Updated: February 17, 2015 5:47:35 pm
There is Faiz in the air. Urdu, the “lost” language of the poets, the hopeless romantics and the ardent idealists, is “re-emerging”. Several online Facebook groups are dedicated to varied Urdu poets, and Urdu learning websites such as Rekhta and Urduwallahs are becoming popular. Pakistani soap operas, broadcast on Zindagi channel, too are helping “revive” the language that “got lost due to Partition”. A large number of mushairas and qawwalis are being held in metropolitan cities, thus further helping Urdu make a “comeback”.
The question, however, is, did Urdu really go away? If anything, it has stayed on, through Bollywood songs, and since the 1990s, through Hindi news channels. Hindi news channels relay “khabrein”, not “samachar”, as was by Doordarshan. Reporters talk of a “shakhs”, not a “vyakti”, and use “adalat” instead of “nyayalaya”, for example. So, since the 1990s, the use of Urdu in popular media has gone beyond just Hindi cinema and extended to television news. Certainly, the language has not been “dying” as Urdu “revivalists” claim.
What has been dying is not the language, but the credit given to the language. Most people don’t know that many of the words spoken in Hindi films or news channels are Urdu. This is not a case of war between Hindi and Urdu. Both languages are closely linked to and depend on each other for their survival. After Partition, Urdu came to be identified with Muslims. “Muslim” Urdu became the state language of Pakistan and was imposed on native Punjabi, Sindhi and Pashtun speakers. In northern India, the land of Urdu and Hindi, the language lost its popularity among non-Muslim Hindi speakers because of its “Muslim” label. Publishers of Urdu books began focusing only on religious literature, further making it less attractive for the non-Muslim audience. In sad contrast, there was a time when Hindu poets like Firaq Gorakhpuri added so much to Urdu heritage.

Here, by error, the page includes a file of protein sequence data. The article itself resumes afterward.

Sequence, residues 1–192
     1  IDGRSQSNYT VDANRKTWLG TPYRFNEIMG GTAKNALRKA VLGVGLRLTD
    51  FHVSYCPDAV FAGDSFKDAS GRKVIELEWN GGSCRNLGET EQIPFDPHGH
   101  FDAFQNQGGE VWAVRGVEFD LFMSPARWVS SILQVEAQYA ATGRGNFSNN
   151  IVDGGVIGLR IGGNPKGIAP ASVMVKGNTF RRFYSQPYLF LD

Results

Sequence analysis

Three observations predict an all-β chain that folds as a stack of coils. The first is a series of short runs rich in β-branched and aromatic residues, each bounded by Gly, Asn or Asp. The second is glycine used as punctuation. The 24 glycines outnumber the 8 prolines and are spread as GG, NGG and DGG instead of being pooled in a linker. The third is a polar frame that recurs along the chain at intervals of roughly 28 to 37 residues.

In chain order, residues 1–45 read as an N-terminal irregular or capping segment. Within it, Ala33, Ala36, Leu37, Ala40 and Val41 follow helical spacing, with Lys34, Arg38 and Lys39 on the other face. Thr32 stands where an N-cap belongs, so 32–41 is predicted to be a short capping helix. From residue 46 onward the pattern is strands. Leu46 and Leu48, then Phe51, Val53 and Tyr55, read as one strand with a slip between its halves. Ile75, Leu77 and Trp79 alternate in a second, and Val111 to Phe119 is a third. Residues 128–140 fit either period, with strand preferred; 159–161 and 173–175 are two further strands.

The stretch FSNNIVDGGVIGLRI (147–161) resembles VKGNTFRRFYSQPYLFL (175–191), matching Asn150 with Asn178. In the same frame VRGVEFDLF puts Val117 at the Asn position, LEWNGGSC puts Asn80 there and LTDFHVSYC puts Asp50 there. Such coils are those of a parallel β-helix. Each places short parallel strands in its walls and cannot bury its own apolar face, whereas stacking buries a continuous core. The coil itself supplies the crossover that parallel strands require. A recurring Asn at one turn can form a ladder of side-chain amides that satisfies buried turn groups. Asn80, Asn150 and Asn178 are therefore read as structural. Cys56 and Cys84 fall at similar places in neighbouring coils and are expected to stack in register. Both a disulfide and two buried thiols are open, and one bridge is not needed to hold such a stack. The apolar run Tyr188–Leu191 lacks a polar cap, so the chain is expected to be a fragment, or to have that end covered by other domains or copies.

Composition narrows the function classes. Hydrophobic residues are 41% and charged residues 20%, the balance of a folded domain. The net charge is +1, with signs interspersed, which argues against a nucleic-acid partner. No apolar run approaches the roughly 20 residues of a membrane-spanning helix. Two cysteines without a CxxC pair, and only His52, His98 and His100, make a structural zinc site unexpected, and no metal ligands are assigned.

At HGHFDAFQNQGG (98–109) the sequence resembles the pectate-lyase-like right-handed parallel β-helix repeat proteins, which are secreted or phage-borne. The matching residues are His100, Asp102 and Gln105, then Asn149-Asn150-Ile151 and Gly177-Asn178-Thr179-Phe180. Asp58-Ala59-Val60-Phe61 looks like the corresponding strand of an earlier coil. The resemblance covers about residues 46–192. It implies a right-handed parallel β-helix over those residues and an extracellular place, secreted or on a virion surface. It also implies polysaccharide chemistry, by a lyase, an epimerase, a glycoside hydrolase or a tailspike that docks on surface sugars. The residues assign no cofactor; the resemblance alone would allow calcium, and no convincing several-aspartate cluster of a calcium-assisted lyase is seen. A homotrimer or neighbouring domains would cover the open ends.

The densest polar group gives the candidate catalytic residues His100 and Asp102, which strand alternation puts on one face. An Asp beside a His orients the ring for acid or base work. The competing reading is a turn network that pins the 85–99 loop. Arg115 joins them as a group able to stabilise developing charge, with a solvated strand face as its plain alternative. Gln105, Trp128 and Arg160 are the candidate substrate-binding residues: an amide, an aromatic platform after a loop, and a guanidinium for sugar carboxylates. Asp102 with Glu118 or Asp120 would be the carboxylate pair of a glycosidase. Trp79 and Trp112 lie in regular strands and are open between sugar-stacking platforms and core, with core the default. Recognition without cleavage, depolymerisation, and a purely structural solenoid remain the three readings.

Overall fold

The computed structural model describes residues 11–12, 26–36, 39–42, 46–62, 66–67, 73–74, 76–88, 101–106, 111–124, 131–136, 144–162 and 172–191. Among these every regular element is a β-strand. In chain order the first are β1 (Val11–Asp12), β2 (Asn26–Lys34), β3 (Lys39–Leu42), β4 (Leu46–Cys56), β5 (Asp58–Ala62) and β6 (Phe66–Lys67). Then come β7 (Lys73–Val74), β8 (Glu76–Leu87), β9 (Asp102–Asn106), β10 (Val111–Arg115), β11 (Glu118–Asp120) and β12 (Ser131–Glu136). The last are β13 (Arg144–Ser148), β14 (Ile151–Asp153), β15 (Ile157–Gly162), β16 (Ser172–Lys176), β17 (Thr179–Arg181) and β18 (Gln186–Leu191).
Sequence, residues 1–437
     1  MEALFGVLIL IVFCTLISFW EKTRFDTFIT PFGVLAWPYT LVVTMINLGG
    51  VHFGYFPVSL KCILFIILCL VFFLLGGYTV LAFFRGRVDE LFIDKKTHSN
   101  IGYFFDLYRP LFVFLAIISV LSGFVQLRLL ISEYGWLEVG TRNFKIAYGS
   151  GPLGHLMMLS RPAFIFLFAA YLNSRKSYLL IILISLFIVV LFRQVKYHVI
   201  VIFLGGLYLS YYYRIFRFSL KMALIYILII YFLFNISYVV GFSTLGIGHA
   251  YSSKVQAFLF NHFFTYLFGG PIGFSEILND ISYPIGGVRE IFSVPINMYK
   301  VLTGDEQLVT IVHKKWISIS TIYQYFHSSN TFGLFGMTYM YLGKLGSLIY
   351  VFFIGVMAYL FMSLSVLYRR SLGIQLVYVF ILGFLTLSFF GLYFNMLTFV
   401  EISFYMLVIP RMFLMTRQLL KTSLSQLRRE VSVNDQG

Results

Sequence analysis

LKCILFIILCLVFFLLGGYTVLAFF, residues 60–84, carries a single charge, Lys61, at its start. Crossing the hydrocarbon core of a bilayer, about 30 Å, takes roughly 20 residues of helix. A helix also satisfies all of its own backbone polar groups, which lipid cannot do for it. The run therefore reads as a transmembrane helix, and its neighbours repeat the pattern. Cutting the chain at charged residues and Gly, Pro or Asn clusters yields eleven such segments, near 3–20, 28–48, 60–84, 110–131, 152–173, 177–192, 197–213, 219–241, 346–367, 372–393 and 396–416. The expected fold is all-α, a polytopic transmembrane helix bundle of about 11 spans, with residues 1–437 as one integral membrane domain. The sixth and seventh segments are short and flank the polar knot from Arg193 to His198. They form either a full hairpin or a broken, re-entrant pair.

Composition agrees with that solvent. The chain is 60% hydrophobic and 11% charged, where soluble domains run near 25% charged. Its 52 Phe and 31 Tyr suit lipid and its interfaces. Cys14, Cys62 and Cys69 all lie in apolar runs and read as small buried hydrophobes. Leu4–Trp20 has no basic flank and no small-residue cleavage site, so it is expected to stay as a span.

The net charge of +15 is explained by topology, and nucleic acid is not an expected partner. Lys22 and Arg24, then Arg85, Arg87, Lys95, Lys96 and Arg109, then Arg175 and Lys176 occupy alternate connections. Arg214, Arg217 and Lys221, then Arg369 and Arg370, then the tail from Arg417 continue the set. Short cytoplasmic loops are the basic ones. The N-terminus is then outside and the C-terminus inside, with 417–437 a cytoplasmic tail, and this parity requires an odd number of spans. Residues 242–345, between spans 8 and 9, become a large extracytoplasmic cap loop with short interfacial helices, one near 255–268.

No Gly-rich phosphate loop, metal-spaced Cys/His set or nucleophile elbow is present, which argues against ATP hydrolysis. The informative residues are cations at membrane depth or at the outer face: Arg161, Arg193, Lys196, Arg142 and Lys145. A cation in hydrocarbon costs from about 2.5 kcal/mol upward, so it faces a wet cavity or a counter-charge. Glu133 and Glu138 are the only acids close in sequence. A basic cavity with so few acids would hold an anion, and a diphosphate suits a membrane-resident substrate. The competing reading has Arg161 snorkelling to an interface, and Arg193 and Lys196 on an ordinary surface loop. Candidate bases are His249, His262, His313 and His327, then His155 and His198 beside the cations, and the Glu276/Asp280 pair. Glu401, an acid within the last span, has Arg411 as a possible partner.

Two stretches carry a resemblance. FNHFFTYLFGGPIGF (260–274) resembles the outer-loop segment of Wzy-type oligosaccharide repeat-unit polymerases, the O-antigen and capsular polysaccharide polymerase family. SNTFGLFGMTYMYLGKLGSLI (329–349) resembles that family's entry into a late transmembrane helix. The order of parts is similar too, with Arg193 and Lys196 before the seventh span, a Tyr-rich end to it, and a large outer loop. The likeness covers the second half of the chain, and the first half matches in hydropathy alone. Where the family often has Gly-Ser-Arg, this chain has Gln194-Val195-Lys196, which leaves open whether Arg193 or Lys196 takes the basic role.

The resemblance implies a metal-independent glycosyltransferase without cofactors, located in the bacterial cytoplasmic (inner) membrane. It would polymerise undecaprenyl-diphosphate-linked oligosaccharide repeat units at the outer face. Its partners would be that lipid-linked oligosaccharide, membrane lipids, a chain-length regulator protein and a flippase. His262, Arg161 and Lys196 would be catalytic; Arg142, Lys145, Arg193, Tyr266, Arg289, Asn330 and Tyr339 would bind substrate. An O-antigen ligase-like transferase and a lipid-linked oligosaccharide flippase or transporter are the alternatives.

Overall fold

After Partition, and even now, it is Hindi cinema and news that have ensured Urdu its space in popular culture. But let’s not get patronising here. Urdu writers such as Salim Khan, Javed Akhtar, Sahir Ludhianvi and Shakeel Badayuni have contributed immensely to Hindi cinema. In fact, many Hindi film titles are in Urdu, like Mohabbatein, Kurbaan, Dil, etc. Most Hindi film singers and actors take classes in Urdu diction. Had it not been for Urdu, would we ever have timeless Bollywood dialogues like “Mogambo khush hua” or “Kitne aadmi the” or “Main tumhara khoon pee jaaoonga”?
Yes, “khush”, “aadmi” and “khoon” are Urdu words. And here is the flipside to the Hindi-Urdu marriage. Urdu has so often been used in Hindi cinema — which is a good thing — that Urdu words are now mistaken as Hindi — which is a bad thing. Hindi has helped Urdu grow in popular culture, but in the process, it has stolen (for lack of a better word) many Urdu words and added to its lexicon. How many of us know that “paani”, “duniya”, “gussa” and “baad” are Urdu words? In Hindi, these words are translated as “jal”, “jag”, “krodh” and “pashchaat”. Some people, thankfully, call this mixed lexicon “Hindustani”, thus acknowledging the frequent use of Urdu in Hindi. In fact, even as the government goes overboard in promoting Sanskrit, its ministers use Urdu words like “Ram-zaade” or “Haraam-zaade” to put their messages across.